In Alcohol Abuse, Clearbrook Treatment Centers Pennsylvania, Family Resources, Personal Resources

Fetal alcohol syndrome (FAS) is a type of fetal alcohol spectrum disorder (FASD) that occurs in people whose mothers drank alcohol during pregnancy. Fetal alcohol syndrome is characterized by a problem with mental development and physical growth, particularly that of the skull and face. As a result, there are certain physical signs of fetal alcohol syndrome in adults that are indicative of this condition.

Causes of Fetal Alcohol Syndrome

Fetal alcohol syndrome occurs when alcohol enters the bloodstream of an unborn child or when a woman consumes alcohol while pregnant. When a pregnant woman drinks alcohol, a portion of it is crossed into the placenta and enters the fetus. Because the liver of a fetus cannot process alcohol the way the liver of an adult can, a variety of adverse side effects occur in the unborn child.

Some causes of fetal alcohol syndrome include:

  • Healthy cell death, which disrupts the normal development of the mind and body
  • Harm in the development of the nerve cells, increasing the risk of various physical and mental health conditions
  • Reduced blood flow to the placenta, depriving the fetus of oxygen and nutrients necessary for proper development
  • Brain damage to the fetus as a result of toxic alcohol byproducts

Fetal Alcohol Syndrome (FAS) Symptoms in Adults

The signs of FAS are most noticeable in people when they are children and may vary in intensity. Newborns with FAS usually have low body weight and are behind in physical growth. They may also show certain facial malformations, such as small eye sockets, smooth skin between the nose and upper lip rather than a crease, and flattened cheekbones.

All these signs are still apparent in adulthood. FAS adults may also show signs of their condition as their facial features change with age. Common long-term effects of fetal alcohol syndrome in adults also include alcohol-related birth defects (ARBDs), which include problems with the heart, kidneys, skeleton, ears, and eyes.

Adult fetal alcohol effects tend to be more challenging than during childhood. Common symptoms and signs of fetal alcohol syndrome in adults include:

  • Short stature
  • Small head size
  • Thin upper lip
  • Reduced brain size
  • Problems with attention and concentrating
  • Learning and memory problems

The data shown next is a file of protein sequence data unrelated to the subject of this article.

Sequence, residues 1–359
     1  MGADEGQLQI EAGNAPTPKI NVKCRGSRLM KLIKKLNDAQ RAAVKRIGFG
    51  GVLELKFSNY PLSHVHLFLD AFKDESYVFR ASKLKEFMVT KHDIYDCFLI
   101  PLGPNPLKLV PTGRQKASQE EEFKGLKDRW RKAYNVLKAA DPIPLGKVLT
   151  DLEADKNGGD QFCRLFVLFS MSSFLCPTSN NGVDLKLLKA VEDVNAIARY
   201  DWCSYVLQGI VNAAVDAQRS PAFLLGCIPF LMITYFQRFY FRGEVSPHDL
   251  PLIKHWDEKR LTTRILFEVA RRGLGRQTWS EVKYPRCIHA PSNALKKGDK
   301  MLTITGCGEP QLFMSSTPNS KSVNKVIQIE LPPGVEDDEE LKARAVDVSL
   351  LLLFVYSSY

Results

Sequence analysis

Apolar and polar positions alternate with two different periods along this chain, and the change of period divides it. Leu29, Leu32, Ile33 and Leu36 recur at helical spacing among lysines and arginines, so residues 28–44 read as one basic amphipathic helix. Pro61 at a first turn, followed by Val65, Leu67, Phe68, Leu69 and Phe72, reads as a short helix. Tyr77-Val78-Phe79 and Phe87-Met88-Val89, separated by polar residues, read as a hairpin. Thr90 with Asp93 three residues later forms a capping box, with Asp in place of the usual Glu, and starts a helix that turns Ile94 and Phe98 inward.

• Difficulty processing emotions
  • Aggression and irritability
  • Depression
  • Psychosis
  • Anxiety
  • Bipolar disorder


In cases where adult symptoms of fetal alcohol syndrome aren’t physically apparent, these individuals may struggle with mental and behavioral concerns linked to alcohol-related neurodevelopmental disorder (ARND). ARND leads to developmental disabilities that can affect behavior, learning, and memory without the indicative facial features of FAS.

Fetal Alcohol Syndrome Face in Adults

The most common way of diagnosing adults with fetal alcohol syndrome is by looking at their facial features. However, this matter usually becomes more complicated as children grow up. Children with FAS tend to have more physically defined features of the condition than adults with this disorder, making FAS easier to diagnose in children than adults.

Nonetheless, doctors can still evaluate and perceive FAS in adults based on facial features like:

  • A small head
  • A thin upper lip
  • Short stature
  • Small eye sockets
  • Smooth skin between the nose and upper lip rather than a crease
  • Flat cheekbones

Although there is no cure for FAS, there are treatments available for children with this condition. The sooner a child is diagnosed with and treated for fetal alcohol syndrome, the better their development will be.

Addiction Treatment for Pregnant Women

The most obvious and effective way of preventing FAS is to not drink alcohol while pregnant. This syndrome is preventable if alcohol is not consumed by the mother during pregnancy. It’s also important to avoid drinking alcohol if you’re trying to conceive or already think you have.

Take a pregnancy test as soon as you think you’ve conceived. Tell your doctor if you believe you drank alcohol after the time of conception and stop drinking alcohol immediately. Unfortunately, many pregnant women are also going through the stages of alcoholism.

There are plenty of pregnant women who can’t stop drinking despite their unborn children. However, our Pennsylvania drug rehab is happy to say that we offer rehab for pregnant women with alcohol or drug addictions so they may heal and offer a better future to their children.

From medically monitored detox to individual and group-based counseling, specialists at our Northeast recovery center offer everything expecting mothers will need to overcome their substance use disorders. For more information about our inpatient drug treatment in Pennsylvania, call Clearbrook Treatment Centers today at 570-536-9621.


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